A 17-week-old 14.4-kg (31.7-lb) female German Shepherd Dog from Missouri with a history of multiple intermittent episodes of vomiting and diarrhea underwent exploratory celiotomy.
At the time of surgery, the dog was bright, alert, and responsive, with a tender abdomen and palpable mesenteric lymph nodes. Hematologic data revealed mild leukocytosis, mild hypoproteinemia, and mild hypoalbuminemia. Moderate petechiation of the jejunal serosa and prominent mesenteric lymph nodes, but no palpable obstructions, were found during surgery. Jejunal and lymph node biopsies were performed; histologic examination revealed multiple segments of adult cestodes up to 700 μm long in the jejunum. Segments had a scolex and contained approximately 30- to 35-μm-diameter ova, morphologically compatible with Echinococcus spp. Fecal flotation revealed numerous proglottids and ova similar to those recognized histologically. Results of PCR assays confirmed Echinococcus multilocularis of E4 haplotype (a European strain).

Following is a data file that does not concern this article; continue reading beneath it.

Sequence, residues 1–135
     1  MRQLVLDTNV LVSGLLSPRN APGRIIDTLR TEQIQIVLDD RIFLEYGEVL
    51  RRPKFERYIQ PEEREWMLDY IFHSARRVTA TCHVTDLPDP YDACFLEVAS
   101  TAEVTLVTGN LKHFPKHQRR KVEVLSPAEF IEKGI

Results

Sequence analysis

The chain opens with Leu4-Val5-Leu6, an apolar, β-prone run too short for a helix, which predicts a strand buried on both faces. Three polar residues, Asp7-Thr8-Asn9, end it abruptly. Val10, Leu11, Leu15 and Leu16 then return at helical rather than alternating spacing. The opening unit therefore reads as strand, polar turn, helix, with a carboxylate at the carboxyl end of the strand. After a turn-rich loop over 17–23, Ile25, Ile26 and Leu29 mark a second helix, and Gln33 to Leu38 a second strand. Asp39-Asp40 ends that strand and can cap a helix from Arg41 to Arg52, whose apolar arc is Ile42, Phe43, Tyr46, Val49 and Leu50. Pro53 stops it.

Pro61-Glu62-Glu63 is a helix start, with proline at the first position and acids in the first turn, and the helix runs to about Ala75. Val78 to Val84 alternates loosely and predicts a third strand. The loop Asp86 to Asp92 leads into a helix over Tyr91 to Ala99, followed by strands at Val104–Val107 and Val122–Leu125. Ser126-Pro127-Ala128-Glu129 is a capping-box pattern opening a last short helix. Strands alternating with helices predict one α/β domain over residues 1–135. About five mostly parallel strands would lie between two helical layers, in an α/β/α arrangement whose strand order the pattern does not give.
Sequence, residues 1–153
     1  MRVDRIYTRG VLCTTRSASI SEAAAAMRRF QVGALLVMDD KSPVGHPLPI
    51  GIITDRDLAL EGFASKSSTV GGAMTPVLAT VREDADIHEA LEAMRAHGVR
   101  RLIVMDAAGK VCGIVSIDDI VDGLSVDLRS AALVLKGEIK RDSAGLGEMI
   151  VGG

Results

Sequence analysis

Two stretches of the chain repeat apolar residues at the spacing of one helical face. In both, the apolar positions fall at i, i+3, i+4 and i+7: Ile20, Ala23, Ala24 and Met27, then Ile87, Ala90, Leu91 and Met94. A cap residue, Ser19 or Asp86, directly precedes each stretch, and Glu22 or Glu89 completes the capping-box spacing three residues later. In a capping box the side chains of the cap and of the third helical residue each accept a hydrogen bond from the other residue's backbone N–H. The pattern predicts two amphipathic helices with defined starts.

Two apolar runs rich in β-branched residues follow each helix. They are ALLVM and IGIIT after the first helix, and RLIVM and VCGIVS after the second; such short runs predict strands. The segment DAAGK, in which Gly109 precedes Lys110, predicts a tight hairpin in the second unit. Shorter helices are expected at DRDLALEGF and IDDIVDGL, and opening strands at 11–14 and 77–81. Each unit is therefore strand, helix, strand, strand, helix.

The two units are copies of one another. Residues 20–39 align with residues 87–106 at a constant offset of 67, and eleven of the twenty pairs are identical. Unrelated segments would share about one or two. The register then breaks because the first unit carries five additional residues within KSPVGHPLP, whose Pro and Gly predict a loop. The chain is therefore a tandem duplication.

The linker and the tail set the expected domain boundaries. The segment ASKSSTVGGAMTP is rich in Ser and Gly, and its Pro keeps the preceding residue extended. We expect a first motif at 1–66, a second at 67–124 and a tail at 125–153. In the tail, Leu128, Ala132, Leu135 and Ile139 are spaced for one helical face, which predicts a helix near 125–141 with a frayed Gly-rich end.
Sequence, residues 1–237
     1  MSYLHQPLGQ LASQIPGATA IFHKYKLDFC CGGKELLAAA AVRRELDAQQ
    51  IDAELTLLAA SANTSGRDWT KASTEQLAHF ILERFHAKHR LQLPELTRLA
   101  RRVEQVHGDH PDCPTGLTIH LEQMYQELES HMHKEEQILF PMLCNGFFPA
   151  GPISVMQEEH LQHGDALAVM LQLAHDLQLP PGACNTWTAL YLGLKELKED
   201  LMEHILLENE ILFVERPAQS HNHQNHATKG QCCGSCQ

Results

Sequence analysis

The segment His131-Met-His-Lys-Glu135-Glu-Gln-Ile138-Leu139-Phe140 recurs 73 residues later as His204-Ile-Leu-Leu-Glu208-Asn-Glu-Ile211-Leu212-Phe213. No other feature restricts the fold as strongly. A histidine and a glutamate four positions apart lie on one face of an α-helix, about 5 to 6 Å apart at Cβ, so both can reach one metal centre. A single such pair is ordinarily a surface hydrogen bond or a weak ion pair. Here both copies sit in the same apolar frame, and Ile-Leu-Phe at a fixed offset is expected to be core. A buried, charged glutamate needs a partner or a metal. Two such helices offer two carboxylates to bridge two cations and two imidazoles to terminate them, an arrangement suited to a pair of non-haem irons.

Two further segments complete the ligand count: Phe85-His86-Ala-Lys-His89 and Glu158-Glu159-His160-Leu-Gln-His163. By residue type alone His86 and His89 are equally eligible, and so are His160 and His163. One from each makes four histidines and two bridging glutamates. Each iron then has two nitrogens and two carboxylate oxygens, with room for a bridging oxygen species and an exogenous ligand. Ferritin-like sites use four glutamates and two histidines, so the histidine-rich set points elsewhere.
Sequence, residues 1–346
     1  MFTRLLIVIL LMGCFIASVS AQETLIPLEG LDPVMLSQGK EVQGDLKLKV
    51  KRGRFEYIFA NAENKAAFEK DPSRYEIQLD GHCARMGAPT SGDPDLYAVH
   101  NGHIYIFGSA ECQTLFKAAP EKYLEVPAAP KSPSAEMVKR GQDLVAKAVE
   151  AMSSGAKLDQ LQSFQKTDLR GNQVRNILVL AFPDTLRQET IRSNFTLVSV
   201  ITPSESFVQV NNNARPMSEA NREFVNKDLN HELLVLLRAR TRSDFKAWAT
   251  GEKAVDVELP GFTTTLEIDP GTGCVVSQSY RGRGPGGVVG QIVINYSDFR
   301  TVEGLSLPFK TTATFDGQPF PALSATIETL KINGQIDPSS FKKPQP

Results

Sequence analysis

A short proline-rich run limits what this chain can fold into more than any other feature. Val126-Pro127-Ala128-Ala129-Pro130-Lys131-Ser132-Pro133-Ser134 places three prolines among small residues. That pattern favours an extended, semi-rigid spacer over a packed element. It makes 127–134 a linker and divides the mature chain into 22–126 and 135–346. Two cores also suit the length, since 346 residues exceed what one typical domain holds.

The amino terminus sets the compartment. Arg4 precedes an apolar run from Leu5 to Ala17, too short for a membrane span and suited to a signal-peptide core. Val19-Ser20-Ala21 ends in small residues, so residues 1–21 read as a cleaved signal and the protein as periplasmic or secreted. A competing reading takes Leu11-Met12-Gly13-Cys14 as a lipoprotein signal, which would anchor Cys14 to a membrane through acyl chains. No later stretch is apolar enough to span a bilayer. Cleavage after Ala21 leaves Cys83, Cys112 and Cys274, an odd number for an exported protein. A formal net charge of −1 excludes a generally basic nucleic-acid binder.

TREATMENT AND OUTCOME
Praziquantel (5 mg/kg [2.3 mg/lb], SC, once) was administered after surgery; treatments after hospital discharge included praziquantel (10 mg/kg [4.5 mg/lb], PO, once). No proglottids or ova were observed by fecal flotation after the treatments. The dog remained healthy without gastrointestinal signs 1 year later.
The dog of this report had no travel history outside the state of Missouri. To the authors’ knowledge, this is the first report of intestinal E multilocularis infection in a pet dog in the contiguous United States and first detection of a European strain of E multilocularis in this country. Findings suggested possible establishment of a European strain of this zoonotic pathogen in the contiguous United States.